What are the limits of organic life in planetary systems? It’s a heady question that, if answered, may reveal just how crowded the cosmos could be with alien biology.
A study arm of the National Academy of Sciences, the National Research Council (NRC), has pulled together a task group of specialists to tackle the issue of alternative life forms -- a.k.a. "weird life".
To get things rolling, a workshop on the prospects for finding life on other worlds is being held here May 10-11. The meeting is a joint activity of the NRC’s Space Studies Board's Task Group on the Limits of Organic Life in Planetary Systems and the Committee on the Origin and Evolution of Life.
Sessions on Earth biology, possible Mars habitats, looking for life on Europa -- a moon of Jupiter -- as well as on Titan, a natural satellite of Saturn, are featured topics on the wide-ranging meeting agenda.
The newly formed study group has some big issues to get their arms around.
Possible alternative chemistries for life are to be evaluated, with an eye toward the prospect that non-standard chemistry may support life in known solar system and conceivable extra-solar environments.
Additionally, the task group is to define broad areas that might guide NASA, the National Science Foundation, and other relevant agencies and organizations to fund efforts to expand scientific knowledge in this area.
Overall, the programmatic goal of the study is singling out research avenues that will appraise the likelihood of "non-terran" life and the potential cost needed to find it. From this will come a recommendation "whether the likelihood of finding non-terran life is sufficiently low that NASA should ignore its possibility, or sufficiently high that it should pursue it," according to a study document.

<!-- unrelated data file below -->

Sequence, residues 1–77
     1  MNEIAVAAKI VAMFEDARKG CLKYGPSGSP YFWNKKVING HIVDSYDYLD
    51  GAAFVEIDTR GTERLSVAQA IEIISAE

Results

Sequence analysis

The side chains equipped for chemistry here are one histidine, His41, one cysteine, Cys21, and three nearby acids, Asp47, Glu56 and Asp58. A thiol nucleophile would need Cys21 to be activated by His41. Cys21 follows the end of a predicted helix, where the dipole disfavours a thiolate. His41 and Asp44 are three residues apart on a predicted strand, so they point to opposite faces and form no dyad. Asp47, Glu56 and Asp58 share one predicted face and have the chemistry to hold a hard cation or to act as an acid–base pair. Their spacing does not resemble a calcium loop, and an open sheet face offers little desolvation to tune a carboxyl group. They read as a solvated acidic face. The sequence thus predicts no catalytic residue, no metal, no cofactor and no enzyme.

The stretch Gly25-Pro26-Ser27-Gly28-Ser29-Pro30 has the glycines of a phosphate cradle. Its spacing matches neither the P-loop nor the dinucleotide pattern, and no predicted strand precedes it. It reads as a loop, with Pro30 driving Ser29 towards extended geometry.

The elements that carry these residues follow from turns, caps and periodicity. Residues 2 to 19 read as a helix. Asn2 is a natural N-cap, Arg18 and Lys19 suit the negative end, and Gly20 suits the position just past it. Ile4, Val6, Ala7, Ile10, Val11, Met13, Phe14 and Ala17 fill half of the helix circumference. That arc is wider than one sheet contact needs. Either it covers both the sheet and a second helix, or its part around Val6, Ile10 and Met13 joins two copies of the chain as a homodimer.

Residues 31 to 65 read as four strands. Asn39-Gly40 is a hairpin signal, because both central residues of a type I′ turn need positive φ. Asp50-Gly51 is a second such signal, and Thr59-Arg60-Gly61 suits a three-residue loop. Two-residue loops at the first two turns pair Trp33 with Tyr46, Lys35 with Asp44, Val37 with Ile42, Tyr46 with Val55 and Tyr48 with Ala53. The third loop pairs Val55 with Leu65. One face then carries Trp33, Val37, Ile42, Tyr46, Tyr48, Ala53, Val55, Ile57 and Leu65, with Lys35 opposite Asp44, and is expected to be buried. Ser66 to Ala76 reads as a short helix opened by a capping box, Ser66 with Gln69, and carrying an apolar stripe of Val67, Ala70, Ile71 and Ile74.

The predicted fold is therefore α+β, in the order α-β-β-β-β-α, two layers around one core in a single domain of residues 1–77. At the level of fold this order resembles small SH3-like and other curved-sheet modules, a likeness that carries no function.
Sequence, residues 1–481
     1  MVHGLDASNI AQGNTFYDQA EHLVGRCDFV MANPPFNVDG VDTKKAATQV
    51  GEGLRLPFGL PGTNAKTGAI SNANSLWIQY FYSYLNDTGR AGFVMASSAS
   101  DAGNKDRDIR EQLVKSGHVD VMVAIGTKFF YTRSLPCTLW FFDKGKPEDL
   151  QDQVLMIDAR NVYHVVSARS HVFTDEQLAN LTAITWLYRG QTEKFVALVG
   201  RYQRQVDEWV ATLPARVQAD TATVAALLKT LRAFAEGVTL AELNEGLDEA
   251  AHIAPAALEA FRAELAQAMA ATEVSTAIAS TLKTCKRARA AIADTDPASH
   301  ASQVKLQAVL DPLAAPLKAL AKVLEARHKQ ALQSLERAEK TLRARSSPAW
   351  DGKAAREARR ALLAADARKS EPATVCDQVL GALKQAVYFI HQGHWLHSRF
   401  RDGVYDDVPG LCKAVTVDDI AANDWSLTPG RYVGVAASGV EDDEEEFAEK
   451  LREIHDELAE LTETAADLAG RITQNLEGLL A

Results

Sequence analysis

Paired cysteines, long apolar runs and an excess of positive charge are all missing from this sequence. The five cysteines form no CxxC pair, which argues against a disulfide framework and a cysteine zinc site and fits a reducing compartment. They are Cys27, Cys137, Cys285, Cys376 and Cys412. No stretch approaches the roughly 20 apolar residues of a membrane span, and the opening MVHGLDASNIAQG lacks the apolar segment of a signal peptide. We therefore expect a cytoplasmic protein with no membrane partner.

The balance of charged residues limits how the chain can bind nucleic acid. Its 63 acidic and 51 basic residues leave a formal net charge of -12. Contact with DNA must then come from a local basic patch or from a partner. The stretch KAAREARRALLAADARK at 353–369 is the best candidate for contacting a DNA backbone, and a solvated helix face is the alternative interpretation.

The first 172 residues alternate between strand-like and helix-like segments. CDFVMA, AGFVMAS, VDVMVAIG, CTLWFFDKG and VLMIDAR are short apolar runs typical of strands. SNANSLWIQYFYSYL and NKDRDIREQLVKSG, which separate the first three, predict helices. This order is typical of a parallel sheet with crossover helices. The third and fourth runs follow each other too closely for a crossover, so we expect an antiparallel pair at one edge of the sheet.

"This is the first NRC project I have been involved with where scientists have actively been volunteering to serve on the committee. We usually have to corner candidates and then start twisting arms," said David Smith, Study Director for the NRC’s Space Studies Board.
"I have been struck from the very beginning that this was a project that could easily be dismissed as science fiction," Smith said. "However, all the scientists we have spoken to about this have required very little persuasion that this was a worthwhile project."
Boxed in beliefs
"We need to get a real understanding of what carbon is capable of in terms of life," said Michael Meyer, Senior Scientist for Astrobiology here at NASA Headquarters.
"We don’t want to end up just focused on only looking for DNA-type molecules ... but we do want to look for anything carrying information that is carbon-based."
Meyer said the meeting will bring together some of the brightest minds. Their duty is to think outside the biological box that is the norm. Those discussions can help NASA build the right tools that have the potential of finding something unexpected, he said.
"You have to keep in mind ... we know what life is on this planet and we still haven’t figured out how it got started. We have the basic ingredients ... but it has proven to be a difficult problem for something that we know exists," Meyer said. "So if you’re going to start looking at things that we don’t know exist, you don’t want to try every possible scenario. You want to make sure you look for things that are reasonably possible."